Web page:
Faecal Incontinence (FI) is a common debilitating condition that, significantly decreases health-related quality of life (HRQoL). However, there is uncertainty about its prevalence and the factors that modulate the relationship between FI and HRQoL, which reduces the efficiency and effectiveness of clinical and public-health interventions.
To assess the prevalence of FI, its risk factors, and determine which factors influence the FI - HRQoL relationship.
Data was taken from the 2004 representative cross-sectional population South Australian Health Omnibus, n = 3015 men and women aged 15 and over. The main outcome measures were the prevalence and severity of FI, urinary incontinence (UI), other comorbidities and various demographic variables. The SF-36v2 Quality of Life questionnaire was also administered.
Prevalence of FI was found to be 1.7% (95% CI: 1.3-2.2%). Univariate analysis found increased reporting in females, those aged 55 and over, separated/divorced, with annual household income < $A30,000 and economically inactive, to be associated with increased reporting. Comorbid UI, depression and obesity also conferred greater risk. HRQoL was decreased in FI compared to those without. Respondents aged over 55 years, being economically inactive and having comorbid depression were associated with significantly more negative HRQoL scores (p < 0.05). Severity of symptoms, gender, annual income and comorbid UI were not associated with any significant difference in HRQoL. Nor were marital status, education status, country of birth, area of residence, comorbid diabetes or Body Mass Index.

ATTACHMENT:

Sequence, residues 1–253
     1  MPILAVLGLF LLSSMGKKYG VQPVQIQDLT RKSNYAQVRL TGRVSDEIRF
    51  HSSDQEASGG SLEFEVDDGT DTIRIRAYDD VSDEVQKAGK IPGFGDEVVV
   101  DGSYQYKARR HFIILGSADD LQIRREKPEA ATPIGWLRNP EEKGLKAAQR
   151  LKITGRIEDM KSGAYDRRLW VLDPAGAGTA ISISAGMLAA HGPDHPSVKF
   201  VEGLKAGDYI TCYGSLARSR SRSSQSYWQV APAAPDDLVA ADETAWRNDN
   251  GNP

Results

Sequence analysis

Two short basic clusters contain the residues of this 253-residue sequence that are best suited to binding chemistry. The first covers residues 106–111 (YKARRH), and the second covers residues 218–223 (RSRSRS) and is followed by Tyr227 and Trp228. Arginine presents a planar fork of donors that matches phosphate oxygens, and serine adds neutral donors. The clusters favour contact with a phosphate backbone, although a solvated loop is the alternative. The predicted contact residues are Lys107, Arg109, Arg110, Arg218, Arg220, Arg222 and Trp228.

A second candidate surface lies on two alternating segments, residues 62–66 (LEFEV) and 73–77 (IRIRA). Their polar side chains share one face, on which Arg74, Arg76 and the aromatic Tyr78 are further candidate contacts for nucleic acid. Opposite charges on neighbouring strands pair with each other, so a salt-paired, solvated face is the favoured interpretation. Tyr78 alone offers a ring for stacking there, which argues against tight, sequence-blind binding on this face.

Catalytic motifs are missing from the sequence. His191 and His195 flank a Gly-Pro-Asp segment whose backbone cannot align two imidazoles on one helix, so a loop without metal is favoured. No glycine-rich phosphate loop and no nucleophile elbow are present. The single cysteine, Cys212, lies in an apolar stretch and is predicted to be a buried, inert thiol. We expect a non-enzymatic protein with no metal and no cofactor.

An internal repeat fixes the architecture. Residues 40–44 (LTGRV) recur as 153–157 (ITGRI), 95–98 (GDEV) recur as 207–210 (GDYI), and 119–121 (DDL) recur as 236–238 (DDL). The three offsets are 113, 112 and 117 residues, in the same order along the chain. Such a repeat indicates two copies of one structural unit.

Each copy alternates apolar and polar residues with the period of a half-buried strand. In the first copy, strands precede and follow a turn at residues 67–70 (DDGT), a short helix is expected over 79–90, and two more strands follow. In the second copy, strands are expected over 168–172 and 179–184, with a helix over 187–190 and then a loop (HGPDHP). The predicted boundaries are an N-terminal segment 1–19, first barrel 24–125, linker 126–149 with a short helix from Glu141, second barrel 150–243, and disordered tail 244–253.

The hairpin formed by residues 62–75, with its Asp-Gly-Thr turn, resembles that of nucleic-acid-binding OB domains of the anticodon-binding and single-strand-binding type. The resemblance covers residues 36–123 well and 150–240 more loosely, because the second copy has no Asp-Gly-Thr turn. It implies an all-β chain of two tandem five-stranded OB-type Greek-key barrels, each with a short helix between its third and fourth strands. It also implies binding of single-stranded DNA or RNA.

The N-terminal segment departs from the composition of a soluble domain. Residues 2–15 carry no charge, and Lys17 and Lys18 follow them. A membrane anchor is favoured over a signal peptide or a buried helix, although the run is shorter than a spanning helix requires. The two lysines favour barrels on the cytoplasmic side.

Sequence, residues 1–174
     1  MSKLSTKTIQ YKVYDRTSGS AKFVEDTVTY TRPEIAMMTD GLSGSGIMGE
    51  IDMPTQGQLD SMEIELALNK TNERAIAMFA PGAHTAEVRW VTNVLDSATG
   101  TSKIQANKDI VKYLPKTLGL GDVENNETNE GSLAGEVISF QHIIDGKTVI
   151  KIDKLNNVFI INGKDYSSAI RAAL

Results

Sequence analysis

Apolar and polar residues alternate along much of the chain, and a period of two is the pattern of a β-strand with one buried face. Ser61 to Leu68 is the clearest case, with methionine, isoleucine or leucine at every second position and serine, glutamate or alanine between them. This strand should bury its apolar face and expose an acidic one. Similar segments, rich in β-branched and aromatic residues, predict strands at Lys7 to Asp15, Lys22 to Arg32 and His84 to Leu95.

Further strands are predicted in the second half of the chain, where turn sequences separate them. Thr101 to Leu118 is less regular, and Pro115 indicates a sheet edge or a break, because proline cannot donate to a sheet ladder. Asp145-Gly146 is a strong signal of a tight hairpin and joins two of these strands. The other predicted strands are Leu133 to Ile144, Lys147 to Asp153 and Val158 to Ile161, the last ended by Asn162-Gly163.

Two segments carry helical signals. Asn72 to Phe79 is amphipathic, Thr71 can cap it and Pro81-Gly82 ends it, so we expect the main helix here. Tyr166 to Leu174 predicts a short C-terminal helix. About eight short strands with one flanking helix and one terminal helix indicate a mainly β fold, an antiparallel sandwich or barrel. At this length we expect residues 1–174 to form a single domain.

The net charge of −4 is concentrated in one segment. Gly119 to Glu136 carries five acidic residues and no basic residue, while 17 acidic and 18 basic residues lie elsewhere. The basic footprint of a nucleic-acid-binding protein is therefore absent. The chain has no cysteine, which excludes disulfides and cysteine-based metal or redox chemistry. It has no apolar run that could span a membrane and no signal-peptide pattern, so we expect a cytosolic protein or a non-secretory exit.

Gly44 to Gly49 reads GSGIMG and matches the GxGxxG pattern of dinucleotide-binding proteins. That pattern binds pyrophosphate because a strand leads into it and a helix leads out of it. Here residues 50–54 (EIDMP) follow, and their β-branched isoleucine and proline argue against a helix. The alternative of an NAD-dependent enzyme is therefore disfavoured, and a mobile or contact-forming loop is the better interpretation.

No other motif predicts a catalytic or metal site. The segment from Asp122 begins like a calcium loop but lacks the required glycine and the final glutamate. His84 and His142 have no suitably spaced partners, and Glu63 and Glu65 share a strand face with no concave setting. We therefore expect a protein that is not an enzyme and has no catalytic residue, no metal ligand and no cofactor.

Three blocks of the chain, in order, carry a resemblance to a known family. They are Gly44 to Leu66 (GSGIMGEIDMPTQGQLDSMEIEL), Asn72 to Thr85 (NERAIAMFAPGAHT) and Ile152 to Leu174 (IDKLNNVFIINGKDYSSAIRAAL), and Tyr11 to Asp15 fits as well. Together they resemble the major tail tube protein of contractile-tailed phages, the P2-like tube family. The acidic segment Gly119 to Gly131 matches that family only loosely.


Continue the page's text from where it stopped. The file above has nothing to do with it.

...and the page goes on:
FI results in a decreased HRQoL, most extreme with increased age, unemployment and those with comorbid depression. Future research is needed to further explore and validate these relationships in order to guide public health interventions and resource allocation.